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What is the Pacific Crest Trail?

This is a question I’ve gotten from folks here and there, and while I thought it was fairly straight-forward, it turns out it’s harder for some to wrap it around their heads than others.

What IS the Pacific Crest Trail?

In the most basic of descriptions, the PCT is a long-distance, scenic trail that runs from the border of Mexico to the border of Canada through the states of California, Oregon, and Washington. It runs the ‘crest’ of these states, namely their main mountain ranges: The San Andres Fault, the Sierra Nevada, and the Cascades (from Cali to Wash). The trail is mostly traveled by backpackers but it is also an equestrian trail. Most hikers that use the PCT do so in small chunks, either in day-hikes or longer ‘section’ hikes, that could be anywhere from 20 miles, to 100 miles, to 1000 miles. Hikers that attempt to complete the entire trail in one go are called Thru Hikers.

Beyond that, we need to lay down what the PCT is NOT:

It’s NOT the Pacific COAST Trail. There is no Pacific Coast Trail. California, Oregon, and Washington all have ‘Coast’ trails, but they’re not connected, and they’re barely complete in each state.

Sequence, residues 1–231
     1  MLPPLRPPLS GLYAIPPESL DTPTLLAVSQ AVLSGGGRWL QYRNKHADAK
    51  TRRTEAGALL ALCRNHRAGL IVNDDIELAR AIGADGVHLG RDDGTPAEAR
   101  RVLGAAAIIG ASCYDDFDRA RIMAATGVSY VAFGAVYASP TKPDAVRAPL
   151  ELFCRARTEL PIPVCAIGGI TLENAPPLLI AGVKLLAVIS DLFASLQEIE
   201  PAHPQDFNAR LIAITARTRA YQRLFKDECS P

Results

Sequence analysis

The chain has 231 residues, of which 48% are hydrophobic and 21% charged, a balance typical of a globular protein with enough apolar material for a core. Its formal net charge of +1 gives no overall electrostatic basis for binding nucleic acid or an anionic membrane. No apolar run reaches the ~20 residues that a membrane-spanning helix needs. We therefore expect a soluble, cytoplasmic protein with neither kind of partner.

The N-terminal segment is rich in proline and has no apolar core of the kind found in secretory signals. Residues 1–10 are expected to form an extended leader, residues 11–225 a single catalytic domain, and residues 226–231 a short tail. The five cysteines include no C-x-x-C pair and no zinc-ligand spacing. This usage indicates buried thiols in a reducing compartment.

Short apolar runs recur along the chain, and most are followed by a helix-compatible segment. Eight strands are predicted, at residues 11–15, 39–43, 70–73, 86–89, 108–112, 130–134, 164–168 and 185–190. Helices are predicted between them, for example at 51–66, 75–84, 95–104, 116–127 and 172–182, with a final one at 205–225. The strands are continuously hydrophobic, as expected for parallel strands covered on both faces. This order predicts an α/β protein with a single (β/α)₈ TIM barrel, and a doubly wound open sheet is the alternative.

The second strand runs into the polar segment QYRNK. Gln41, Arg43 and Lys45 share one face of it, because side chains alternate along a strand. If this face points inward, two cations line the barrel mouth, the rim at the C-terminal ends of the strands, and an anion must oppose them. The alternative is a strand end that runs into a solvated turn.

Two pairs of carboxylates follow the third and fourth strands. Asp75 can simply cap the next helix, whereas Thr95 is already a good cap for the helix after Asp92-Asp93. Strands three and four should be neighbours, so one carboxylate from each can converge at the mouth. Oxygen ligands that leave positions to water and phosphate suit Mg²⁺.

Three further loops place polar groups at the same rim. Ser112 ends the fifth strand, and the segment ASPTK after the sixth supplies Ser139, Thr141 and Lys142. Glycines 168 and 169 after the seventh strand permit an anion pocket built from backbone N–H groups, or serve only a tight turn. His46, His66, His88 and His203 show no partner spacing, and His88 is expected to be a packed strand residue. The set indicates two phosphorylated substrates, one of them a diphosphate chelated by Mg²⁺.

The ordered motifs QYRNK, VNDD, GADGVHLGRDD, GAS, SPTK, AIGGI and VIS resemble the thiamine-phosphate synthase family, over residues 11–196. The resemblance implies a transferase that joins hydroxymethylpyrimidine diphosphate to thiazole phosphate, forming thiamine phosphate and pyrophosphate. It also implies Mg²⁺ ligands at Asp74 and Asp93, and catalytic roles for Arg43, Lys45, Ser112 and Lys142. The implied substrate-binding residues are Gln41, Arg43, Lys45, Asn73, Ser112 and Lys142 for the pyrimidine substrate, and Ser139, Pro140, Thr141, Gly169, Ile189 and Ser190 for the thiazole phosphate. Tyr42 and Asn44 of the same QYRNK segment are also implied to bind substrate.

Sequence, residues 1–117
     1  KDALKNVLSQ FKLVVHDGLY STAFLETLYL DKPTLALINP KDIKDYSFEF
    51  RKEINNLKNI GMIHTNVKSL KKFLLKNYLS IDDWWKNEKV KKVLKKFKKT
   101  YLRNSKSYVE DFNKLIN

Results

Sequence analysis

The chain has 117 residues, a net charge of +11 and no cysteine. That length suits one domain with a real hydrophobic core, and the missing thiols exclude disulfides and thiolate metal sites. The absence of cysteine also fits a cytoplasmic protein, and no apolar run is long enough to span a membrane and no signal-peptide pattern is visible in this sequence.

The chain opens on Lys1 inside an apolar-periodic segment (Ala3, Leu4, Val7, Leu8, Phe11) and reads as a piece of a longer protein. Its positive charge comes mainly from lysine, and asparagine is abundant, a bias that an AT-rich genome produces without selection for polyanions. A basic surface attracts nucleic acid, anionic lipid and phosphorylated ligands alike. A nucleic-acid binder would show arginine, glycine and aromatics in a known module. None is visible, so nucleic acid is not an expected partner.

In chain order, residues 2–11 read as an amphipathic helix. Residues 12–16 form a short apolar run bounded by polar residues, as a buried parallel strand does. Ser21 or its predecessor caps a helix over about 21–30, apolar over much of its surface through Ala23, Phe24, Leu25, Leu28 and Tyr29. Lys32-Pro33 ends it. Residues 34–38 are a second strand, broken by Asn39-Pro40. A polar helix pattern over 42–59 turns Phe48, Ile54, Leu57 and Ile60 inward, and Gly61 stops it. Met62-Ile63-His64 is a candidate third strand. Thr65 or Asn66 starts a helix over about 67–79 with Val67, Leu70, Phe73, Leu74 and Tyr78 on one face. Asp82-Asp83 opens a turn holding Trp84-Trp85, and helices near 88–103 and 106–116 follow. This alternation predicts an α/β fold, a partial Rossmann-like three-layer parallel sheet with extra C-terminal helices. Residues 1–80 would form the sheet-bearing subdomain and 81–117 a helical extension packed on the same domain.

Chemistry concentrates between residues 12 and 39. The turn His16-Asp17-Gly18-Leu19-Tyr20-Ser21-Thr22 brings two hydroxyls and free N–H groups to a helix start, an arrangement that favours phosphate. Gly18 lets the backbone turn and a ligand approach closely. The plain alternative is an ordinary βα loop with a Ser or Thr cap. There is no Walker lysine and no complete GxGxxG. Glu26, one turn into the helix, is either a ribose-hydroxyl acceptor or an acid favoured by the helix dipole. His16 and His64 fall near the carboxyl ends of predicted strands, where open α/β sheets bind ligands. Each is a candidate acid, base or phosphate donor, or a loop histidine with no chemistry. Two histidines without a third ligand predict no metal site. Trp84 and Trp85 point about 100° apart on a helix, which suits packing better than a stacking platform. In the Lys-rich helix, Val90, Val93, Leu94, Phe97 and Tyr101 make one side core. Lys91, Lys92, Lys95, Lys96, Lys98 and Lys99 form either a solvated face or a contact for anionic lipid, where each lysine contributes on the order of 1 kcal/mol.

Evan and I walked 60-miles of the Oregon Coast Trail in June of 2016.

It’s NOT an organized event, with check-points and coordinators. The Pacific Crest Trail Association doesn’t even control much of the trail, aside from issuing permits (that apply to each park/forest the trail travels through), recruiting volunteers to maintain the trail, and promoting trail etiquette. They have no ‘official’ powers.

It’s NOT in the middle of nowhere. Well, it kind of is. The PCT runs near and through many towns on its 2,560 miles, but it still travels hundreds of miles of wilderness. The fact that the trail is connected to towns is what allows for so many successful thru-hikes. Hikers use these towns to resupply, recharge, and return to the trail with vigor. (The CDT, Continental Divide Trail, however, does not run through very many towns and is considered the most difficult of the Triple Crown of long-distance trails).

If you’re still curious, check out the PCTA website, where they have a wealth of information, including:


Trail Closures


Their blog

And a very detailed FAQ section.

Thanks for reading! 


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